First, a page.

The existence of mankind is essentially dependant on the written and spoken word. Our ability to interact and communicate with each other relies wholly on the powerful medium of language.
It is a vital key for the success of global commerce and economics, cultural and academic development, international trade and relations, laws and legal interactions, human relationships and the overall quality of life. But the power of language goes beyond spoken or written words.Unless we are able to really understand each other and learn more about the world, which consists of literally thousands of different cultures, it will not be possible to progress toward a life of contentment and peace. Linguists and anthropologists will agree that the study of languages fosters an increased understanding of tradition.
Knowledge in turn will bring an appreciation of different cultures, deepen the perception of cultural values, and strengthen communication. We can begin to understand the values of language diversity through its impact on, and subsequent creation of culture.First we must ask, what is language? Language is merely a set of rules. Humans have created a pattern of symbols in order to interact with each other. Sociologist Herbert Blumer (1900-1987) invented a theory called 'symbolic interactionism', which is developed from the ideas initialised by George H. Mead.
It is the process of interaction in the formation of meanings. Blumer came up with three core principles to his theory. They are meaning, language and thought. These principles lead to conclusions about the creation of a person's self, and socialisation into a larger community (Griffin 1997).The first principle of meaning states that humans act toward people and things based upon the meanings they have associated to those people or things.
The second principle is language. Language is the medium by which humans negotiate meaning through symbols. And finally, thought modifies each individual's interpretation of symbols. Thought is a mental conversation or dialogue that requires role taking, or imagining different points of view (ibid). 'A major advantage of human language being a learned symbolic communication system is that it is infinitely flexible.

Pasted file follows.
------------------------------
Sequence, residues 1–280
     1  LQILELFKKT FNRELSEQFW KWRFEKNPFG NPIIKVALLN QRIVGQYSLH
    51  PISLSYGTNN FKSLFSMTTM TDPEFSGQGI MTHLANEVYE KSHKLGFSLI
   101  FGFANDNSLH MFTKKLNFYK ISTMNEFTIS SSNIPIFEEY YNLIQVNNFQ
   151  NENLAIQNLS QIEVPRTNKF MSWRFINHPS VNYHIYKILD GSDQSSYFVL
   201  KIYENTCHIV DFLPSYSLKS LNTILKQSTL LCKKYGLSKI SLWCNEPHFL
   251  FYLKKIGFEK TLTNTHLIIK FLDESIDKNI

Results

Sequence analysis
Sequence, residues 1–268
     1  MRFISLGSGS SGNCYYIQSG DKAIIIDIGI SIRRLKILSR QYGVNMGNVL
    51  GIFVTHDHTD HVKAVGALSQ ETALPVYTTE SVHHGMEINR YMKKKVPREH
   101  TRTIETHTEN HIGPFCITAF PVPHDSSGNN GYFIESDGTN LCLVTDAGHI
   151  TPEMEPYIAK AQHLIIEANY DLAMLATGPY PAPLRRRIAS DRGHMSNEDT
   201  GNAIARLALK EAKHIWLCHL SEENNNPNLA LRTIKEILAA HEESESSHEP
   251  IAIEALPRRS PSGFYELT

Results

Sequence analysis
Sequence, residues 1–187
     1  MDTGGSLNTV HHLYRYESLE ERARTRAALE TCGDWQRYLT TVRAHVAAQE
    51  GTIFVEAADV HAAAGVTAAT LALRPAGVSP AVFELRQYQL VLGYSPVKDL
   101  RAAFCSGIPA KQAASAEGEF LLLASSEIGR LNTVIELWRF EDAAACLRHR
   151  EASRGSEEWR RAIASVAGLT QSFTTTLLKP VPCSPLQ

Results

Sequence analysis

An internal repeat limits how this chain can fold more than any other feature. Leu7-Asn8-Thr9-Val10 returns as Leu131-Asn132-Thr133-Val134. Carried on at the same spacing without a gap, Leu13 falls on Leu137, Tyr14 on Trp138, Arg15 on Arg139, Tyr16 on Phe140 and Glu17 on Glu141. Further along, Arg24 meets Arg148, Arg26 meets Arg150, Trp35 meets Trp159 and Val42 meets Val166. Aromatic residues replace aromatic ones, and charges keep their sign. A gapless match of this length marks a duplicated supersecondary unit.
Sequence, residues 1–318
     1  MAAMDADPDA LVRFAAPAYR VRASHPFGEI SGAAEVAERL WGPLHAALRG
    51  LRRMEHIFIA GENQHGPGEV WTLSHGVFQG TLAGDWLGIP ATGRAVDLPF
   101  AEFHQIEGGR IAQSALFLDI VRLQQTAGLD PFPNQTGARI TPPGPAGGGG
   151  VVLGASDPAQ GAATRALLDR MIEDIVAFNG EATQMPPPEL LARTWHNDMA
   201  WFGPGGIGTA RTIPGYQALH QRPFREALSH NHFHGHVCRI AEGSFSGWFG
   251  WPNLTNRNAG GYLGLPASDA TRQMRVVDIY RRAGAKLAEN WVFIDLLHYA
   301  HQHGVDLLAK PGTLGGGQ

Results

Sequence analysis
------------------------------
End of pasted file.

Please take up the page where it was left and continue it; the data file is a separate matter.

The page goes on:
Meanings can be changed and new symbols created. This is evidenced by the fact that new words are invented daily and the meaning of old ones change' (O'Neil 1998). The origin of language is a fascinating topic in its own right but my intention is to illustrate the marriage between language and culture. Some native scholars and elders believe that our language is our culture. Verna Kirkness, states in her book on Aboriginal Languages (1998), "The key to identity and retention of culture is one's ancestral language". But there is grave concern about the deterioration of languages worldwide.
The death of languages ultimately means extinction of unique cultures. In his book 'Language Death' (2000), British Linguist David Crystal states that there are over 6,000 languages and many of them are on the brink of extinction at an alarming rate - 4% of languages accounting for 96% of people and 25% with fewer than 1000 speakers. Crystal estimates that by the end of this century half of the languages today will become extinct. "The prospect in a few hundred years of just one language per nation, and then just one language for the whole world is indeed real" (Cited in van Tiggelen 2005).
If we lose grasp of the value of language diversity, we virtually forfeit crucial links to the origin of human evolution. 'What is lost when a language is lost is another world' (Stephen Anderson, Yale University) Valuable ethnographic and cultural information disappears when a language is lost. Linguistic and anthropological studies have already revealed vastly different ways of representing and interpreting the world. Some Native American languages, for example, reveal a completely different understanding of the nature of time (Knight 2004).The fascinating aspect of language is the impact it has on our cognitive processes. In particular, cultural environments that people grow up in have surprising effects on how they interpret the world around them.